Vine strings together a fascinating tale of the preparations aboard the Canberra for her use as a troop ship for Royal Army Paras as well as Royal Marines and subsequent sailing into the combat zone surrounding the Falklands. Among the strengths of Vine’s writing are his ability to paint a broad picture of the Falklands conflict for readers who may be unfamiliar with its details 31 years on while still integrating micro-level social history from interviews with participants in the action. Vine’s writing makes for very interesting reading, and while the book might have benefitted from being fifty pages shorter, A Very Strange Way to Go to War remains an excellent book both for those looking for a unique history of the Falklands War or maritime history.

kickstarter

Kickstarter, the wildly successful crowdfunding website, is currently hosting two nautical themed projects. The first is “Twice Forgotten,” a documentary about the USS R-12, a training submarine that sank off the coast of Key West, Florida seventy years ago today. Forty US sailors and officers as well as two Brazilian officers went down with the sub and it was not until 2010 that she was re-discovered. Funding will allow the team to return to the site and conduct filming this summer to complete the documentary.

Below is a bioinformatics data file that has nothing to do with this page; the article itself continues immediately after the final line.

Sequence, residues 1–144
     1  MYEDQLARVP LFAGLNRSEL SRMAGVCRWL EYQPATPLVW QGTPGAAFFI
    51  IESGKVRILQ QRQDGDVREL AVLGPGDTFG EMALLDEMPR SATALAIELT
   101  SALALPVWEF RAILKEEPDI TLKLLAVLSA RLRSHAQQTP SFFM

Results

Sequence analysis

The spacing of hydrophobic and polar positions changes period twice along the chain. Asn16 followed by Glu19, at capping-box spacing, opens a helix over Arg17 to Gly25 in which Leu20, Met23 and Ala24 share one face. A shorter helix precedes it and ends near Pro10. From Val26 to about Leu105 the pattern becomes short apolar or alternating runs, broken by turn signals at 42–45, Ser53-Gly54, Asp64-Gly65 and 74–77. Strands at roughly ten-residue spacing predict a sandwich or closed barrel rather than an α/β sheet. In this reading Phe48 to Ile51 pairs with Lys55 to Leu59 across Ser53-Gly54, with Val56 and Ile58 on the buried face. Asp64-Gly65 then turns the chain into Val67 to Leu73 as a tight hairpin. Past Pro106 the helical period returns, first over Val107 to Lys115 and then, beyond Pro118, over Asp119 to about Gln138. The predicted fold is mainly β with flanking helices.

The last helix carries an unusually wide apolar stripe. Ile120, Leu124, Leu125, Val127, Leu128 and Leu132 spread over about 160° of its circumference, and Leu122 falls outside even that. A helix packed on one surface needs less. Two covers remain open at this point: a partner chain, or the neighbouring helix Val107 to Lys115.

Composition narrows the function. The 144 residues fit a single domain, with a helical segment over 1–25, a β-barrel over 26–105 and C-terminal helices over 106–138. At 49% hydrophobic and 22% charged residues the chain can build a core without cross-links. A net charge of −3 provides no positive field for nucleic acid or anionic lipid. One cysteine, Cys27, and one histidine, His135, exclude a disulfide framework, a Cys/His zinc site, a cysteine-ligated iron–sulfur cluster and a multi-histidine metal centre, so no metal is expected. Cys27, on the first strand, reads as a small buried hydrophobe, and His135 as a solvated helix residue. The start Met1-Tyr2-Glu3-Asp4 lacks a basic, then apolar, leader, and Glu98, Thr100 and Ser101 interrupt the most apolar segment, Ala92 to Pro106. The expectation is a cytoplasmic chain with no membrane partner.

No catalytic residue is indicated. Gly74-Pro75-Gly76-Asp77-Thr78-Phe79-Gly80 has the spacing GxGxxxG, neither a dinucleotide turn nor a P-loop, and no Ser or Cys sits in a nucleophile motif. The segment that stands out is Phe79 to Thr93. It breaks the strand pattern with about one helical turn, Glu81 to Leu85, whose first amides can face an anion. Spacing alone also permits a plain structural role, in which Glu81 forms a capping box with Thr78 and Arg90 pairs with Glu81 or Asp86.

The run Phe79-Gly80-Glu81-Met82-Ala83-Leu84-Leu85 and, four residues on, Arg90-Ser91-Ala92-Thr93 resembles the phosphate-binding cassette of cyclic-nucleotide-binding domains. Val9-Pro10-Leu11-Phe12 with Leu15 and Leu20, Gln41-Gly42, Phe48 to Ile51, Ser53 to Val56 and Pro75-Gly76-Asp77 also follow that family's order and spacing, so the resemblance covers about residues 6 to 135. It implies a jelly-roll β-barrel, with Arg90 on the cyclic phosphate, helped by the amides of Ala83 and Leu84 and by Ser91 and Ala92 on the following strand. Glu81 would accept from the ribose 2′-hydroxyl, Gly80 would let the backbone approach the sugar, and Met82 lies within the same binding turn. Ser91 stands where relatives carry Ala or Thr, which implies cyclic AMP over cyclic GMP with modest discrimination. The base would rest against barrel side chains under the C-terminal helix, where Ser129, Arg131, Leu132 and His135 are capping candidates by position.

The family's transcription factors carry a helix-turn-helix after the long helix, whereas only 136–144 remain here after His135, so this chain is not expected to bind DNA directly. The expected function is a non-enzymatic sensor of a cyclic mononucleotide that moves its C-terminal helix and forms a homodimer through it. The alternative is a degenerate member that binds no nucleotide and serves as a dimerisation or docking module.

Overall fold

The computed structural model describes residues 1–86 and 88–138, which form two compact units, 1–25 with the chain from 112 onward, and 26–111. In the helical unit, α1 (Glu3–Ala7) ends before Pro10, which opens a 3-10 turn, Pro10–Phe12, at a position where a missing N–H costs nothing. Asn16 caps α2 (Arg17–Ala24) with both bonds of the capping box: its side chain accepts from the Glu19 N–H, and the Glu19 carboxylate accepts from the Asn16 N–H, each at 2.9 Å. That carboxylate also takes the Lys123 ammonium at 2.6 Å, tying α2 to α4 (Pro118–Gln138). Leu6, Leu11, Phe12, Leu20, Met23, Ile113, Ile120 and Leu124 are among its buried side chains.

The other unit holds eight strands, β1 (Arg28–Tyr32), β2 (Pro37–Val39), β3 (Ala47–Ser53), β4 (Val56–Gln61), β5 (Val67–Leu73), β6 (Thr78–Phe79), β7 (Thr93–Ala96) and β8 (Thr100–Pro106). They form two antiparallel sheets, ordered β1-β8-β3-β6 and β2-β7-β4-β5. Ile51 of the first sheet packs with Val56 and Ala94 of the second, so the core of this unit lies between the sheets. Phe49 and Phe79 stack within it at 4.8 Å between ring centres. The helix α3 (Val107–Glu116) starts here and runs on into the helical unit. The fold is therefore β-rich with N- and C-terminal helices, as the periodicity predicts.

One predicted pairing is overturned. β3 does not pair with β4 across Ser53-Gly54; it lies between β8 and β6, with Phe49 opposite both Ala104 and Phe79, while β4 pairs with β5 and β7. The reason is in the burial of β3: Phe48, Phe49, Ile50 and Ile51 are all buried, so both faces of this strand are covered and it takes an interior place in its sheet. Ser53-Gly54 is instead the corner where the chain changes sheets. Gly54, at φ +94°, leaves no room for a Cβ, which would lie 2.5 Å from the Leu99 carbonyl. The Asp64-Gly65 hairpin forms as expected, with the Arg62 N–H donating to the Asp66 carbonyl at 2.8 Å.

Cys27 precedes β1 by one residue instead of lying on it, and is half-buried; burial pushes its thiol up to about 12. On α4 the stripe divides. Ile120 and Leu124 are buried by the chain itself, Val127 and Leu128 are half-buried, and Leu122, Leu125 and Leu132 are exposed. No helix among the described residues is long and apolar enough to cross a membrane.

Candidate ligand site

kickstarter

Instead of seeking to tell a true story from the past, the second project aims to produce a fictional film about a World War II submarine and its mysterious disappearance during the war. The film team has partnered with Battleship Cove, the home of the battleship USS Massachusetts and submarine USS Lionfish, to provide a filming location. If the project is funded, then the remaining half of the project’s expenses will be covered and the filming will be able to proceed as planned.